Last reviewed 01/2018
In women with symptoms suggestive of POP, offer pelvic examination.
- facilitate in defining the extent of prolapse and to establish the segments of the vagina affected (anterior, posterior, or apical)
- patients should be observed while resting and straining both standing and supine positions
- a procidentia should be obvious
- split-speculum examination with a Sims speculum or the posterior blade of a Graves speculum is used for the vaginal examination
- for anterior vaginal prolapse - using a speculum to hold back the posterior vaginal wall ask the patient to strain. This should demonstrate descent of the anterior vaginal wall indicative of a cystocoele or urethral displacement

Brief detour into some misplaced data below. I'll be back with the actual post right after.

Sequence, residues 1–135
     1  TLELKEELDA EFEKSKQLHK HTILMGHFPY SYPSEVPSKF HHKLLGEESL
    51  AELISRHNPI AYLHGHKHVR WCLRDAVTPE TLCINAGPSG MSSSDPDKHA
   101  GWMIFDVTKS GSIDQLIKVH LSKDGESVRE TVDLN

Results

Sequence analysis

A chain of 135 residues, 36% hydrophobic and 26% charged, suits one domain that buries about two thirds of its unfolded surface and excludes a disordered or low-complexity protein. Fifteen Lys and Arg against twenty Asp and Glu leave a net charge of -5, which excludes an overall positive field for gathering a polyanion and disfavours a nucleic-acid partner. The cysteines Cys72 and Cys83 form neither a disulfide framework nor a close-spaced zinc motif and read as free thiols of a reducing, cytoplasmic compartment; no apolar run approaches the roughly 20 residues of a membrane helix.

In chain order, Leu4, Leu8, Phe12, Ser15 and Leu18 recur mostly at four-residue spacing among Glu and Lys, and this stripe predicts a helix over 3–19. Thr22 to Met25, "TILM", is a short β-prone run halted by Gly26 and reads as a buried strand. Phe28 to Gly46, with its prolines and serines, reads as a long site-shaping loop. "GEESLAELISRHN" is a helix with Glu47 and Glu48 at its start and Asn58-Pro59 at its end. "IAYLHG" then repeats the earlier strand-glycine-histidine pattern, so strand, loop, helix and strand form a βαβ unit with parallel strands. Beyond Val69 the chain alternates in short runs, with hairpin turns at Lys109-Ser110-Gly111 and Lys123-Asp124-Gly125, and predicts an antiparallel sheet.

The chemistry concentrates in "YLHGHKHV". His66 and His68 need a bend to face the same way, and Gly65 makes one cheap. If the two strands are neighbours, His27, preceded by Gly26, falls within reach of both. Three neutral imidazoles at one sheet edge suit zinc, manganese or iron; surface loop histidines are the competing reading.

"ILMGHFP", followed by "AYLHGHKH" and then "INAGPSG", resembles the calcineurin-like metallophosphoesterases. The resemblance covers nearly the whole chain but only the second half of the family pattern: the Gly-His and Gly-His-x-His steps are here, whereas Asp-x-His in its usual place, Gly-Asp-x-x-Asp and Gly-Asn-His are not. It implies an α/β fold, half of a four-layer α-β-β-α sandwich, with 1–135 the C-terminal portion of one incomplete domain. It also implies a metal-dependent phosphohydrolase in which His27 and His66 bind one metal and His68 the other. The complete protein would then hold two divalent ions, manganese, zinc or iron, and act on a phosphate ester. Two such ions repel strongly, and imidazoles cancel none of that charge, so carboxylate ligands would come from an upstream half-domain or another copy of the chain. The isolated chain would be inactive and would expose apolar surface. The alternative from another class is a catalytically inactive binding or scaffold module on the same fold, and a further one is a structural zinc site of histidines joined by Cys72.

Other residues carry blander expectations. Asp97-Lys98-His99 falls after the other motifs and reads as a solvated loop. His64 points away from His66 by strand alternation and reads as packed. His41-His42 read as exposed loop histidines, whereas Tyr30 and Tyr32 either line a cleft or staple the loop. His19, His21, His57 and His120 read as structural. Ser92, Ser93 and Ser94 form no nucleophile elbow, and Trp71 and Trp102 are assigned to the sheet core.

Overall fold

- for posterior vaginal prolapse - similarly, holding back the anterior vaginal wall while the patient strains, will demonstrate a rectocoele (1)
According to the presenting symptoms, additional testing would be required in majority of patients e.g. -
- POP plus lower urinary tract symptoms - urine analysis and post-void residual volume evaluation to test for urinary tract infection, haematuria, and incomplete bladder emptying.
- substantial urinary incontinence, irritative voiding symptoms, or voiding dysfunction – urodynamics
- outlet constipation or faecal incontinence - defecography, anal manometry and endoanal ultrasound (1).
Rectal examination - to confirm posterior wall prolapse and distinguish rectocoele from enterocoele.
In cases of difficulty, ask the patient to stand or walk for some time before examination.